Outlook Is Kate Swann a retail genius? It is possible to think so, and plainly she has assets. Announcing a decision to quit as chief executive of WH Smith yesterday looks typically savvy.
She's nearing 10 years in charge of a business which few thought would still be going by now, and she's announced another rise in profits and a positive leap in dividends.
As a significant shareholder herself, that divi increase is – completely coincidentally – quite good news for her too, but let's agree that it is better for managers to have a financial interest in the businesses they run than not.
Assuming you are merely looking at it from the point of view of the shareholder, Ms Swann has worked something close to a miracle at Smudgers.
It looked like a business going the same way as Woolworths, an historical relic that could not compete with the digital age.
By binning the entertainment arm she managed to avoid being another HMV.
And boosting the travel side – stores in railways and airports – meant she would always have a steady stream of customers.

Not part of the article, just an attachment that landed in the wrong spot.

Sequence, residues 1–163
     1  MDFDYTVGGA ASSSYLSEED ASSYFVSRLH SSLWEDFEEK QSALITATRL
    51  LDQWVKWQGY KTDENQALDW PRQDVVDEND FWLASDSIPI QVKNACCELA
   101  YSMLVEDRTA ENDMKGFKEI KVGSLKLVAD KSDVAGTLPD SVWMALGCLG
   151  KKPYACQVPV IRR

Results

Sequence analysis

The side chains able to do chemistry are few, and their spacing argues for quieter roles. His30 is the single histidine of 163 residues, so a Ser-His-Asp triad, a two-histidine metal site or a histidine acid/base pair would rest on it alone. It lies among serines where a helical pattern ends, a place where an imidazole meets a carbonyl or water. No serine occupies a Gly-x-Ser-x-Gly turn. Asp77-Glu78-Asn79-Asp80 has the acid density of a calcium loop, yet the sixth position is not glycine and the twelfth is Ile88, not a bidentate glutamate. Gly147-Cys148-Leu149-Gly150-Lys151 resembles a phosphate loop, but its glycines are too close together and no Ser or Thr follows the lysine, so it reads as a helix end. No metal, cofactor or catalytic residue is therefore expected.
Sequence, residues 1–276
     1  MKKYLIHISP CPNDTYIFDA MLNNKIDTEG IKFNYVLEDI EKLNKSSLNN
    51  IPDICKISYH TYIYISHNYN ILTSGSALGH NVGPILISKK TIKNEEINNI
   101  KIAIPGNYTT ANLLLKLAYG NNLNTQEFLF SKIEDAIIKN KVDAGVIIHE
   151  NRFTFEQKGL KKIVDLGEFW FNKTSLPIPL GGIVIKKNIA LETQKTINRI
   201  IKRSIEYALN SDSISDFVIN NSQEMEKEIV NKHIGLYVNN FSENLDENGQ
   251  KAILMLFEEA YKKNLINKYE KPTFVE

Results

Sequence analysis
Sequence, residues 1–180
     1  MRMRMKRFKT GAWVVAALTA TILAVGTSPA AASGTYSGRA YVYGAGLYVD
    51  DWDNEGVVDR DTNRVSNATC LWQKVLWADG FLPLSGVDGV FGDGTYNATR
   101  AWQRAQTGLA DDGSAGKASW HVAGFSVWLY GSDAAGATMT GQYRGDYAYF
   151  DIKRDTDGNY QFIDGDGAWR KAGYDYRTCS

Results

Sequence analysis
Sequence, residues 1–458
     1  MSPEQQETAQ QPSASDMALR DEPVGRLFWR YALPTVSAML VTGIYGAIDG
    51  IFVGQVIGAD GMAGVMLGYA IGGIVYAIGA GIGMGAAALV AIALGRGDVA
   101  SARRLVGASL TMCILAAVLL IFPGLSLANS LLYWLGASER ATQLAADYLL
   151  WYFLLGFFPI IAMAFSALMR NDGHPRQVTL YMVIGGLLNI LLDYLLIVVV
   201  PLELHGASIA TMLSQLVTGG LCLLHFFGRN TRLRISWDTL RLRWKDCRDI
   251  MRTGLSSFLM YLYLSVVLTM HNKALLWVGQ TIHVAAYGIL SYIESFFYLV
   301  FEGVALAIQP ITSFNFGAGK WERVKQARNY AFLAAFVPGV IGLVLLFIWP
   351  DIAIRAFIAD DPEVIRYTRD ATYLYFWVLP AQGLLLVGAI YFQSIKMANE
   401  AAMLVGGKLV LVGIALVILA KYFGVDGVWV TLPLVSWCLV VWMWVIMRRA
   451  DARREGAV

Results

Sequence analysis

The thing is, if you were one of those customers, a trip to WH Smith's is never what you would call a great experience.
You went under duress, because you needed a magazine and a bottle of water for a flight or train ride, not because you found the service polite and the offerings intriguing.
Staff at WH Smith's don't exactly seem filled with the joys of life either. Like the customers, they'd rather not be there.
On the terms by which business people are always judged, Ms Swann has been a huge success.
There are other measures.
Maybe it was not possible for any individual to have kept Smith's afloat this long, employing thousands of people, keeping the City happy and making customers feel appreciated.
Still, it's hard to see that anyone has done better out of Kate Swann's leadership of WH Smith than Kate Swann.